Between Exchange Rate Convergence and Structural Reforms


Addressing structural challenges in the economy is pivotal in achieving exchange rate convergence and effective monetary policy transmission, writes Obinna Chima

The issue of exchange rate convergence in Nigeria was brought to the fore at a recent policy dialogue forum.
At the event organised by the Financial Derivatives Company Limited (FDC), officials from the International Monetary Fund (IMF), the Central Bank of Nigeria (CBN) as well as some other notable economists, expressed their views on Nigeria’s exchange rate policy as well as how best to take advantage of the recently signed continental trade deal.

The event was entitled: “Policy Change – The Enabler of Sustainable Growth.”
The CBN Governor, Mr. Godwin Emefiele, recently restated the Bank’s commitment to continue to defend the naira, saying that the CBN Act demands that the Bank “defends” the naira using the foreign exchange reserves.

“In effect, the CBN would be disobeying the law establishing it, if it sits idly by and allow the naira to be determined wholly by the so-called market forces.

“Second, those who call for floating of the currency betray their wilful ignorance of the effects of significant depreciation, however short-lived, on inflation.

“Several empirical analyses have shown that the pass-through of changes in the exchange rate on consumer prices is almost one-to-one. This implies that for every percentage point depreciation in the naira, there is almost the same rise in inflation,” he had explained.
The CBN Director, Corporate Communications, CBN, Mr. Isaac Okoroafor, had also reaffirmed the bank’s commitment towards ensuring stability in foreign exchange market.

The Debate
But speaking at the FDC forum, IMF’s Senior Resident Representative and Mission Chief for Nigeria Amine Mati, called for a review of the country’s exchange rate policy.

The IMF chief said: “Countries with multiple exchange rate have lower growth and higher inflation. A more flexible exchange rate in a reform scenario in Nigeria could boost Gross Domestic Product in the medium term.”
Speaking further, Mati said: “If government wants to subsidise fuel, it should not be by selling forex at cheaper rate, but
it should be bold enough to put the cost of the subsidy in the budget”.

According to him, exchange rate unification should be a policy-driven decision of the government.
“Multiple exchange rates have different implications across different countries in the world. We have analysed the situation in Sub-Saharan Africa and have noticed that each country is able to succeed as a result of the policies that have been put in place to counter challenges.

“The IMF’s policy has been consistent on this issue, such that, we advise for the unification of exchange rates and the
CBN and Economic Recovery and Growth Plan are already working in this direction to ensure that the country has a unified exchange rate,” he added.

However, in reaction, the CBN Director, Monetary Policy, Mr. Moses Tule, said unifying the exchange rates could trigger another spike in inflation and called for structural reforms.

He said policies of the central bank had helped calm inflation from over 18 per cent, which it was a couple of years back.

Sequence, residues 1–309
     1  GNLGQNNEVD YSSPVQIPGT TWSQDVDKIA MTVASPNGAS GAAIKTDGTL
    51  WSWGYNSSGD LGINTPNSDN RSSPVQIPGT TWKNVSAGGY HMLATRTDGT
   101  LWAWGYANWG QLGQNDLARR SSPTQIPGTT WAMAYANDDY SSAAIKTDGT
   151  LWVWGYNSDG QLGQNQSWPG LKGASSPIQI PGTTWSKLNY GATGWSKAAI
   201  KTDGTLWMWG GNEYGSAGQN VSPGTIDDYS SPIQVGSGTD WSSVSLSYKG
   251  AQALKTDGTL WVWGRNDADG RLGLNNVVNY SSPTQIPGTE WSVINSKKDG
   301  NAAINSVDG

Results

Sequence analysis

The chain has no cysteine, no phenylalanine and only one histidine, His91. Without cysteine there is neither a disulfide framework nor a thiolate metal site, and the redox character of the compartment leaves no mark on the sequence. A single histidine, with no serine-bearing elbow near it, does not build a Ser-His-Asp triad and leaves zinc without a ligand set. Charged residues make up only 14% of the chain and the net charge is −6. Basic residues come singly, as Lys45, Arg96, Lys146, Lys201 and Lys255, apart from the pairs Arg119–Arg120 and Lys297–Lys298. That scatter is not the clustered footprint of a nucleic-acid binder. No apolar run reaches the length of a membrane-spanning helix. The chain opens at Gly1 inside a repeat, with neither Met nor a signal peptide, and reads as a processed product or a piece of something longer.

He said advanced economies had in the past administered a stream of incentives to critical sectors of the economy in form of subsidies, adding that there was need to put in place requisites infrastructure and make things correct before removing multiple currency practices.”What is wrong if we give preferential treatment to the importers of oil so that they get oil at a certain exchange rate N305, and then deliver it to Nigeria at a certain price so that it does not extend or transmit into inflation?
“We had the shock on inflation in 2016 and it was not driven by monetary forces, it was triggered by three key factors. There was a change in the oil price; there was repricing of electricity tariff and there was the depreciation of the currency.

“All these fed the inflation. So, if we had inflation rising up to 18 per cent it was not driven by monetary factors but was driven by reform factors, which were necessary for the economy.

“If we have a temporary exchange rate regime that seeks to achieve the longterm target of inflation, it can solve current problems because monetary policy solves the current problem and in the long run we expect that fiscal policy will address the structural issues.
“IMF tells us that because of multiple currencies practices there is trade deficit, there is high inflation and slow growth. It means slow growth comes as a result of exchange rate misalignments; it means inflation is because of exchange rates misalignments it means structural deficits is because of exchange rate misalignments.

“In 2012, the IMF said in the midst of the global financial crisis the IMF agreed that going forward there is a need to look at countries relative to the condition in which those countries are, but now that we are out of the crisis, the IMF have gone back to the textbook economics.
“How long ago did the Fund when we introduced the 41 items say this is not acceptable and we had a running battle with the IMF but eventually they had a recourse and said ok we have agreed that you have made some major and we agreed and said we can do better and we are working towards doing much better,” Tule added.
Also speaking, CEO Economic Associates and
former member, Economic Management Team, Dr. Ayo Teriba, said by focusing on
exchange rate and talking about multiple exchange rates, “we missed the point fundamentally.”
“Both the CBN and IMF are chasing shadows by talking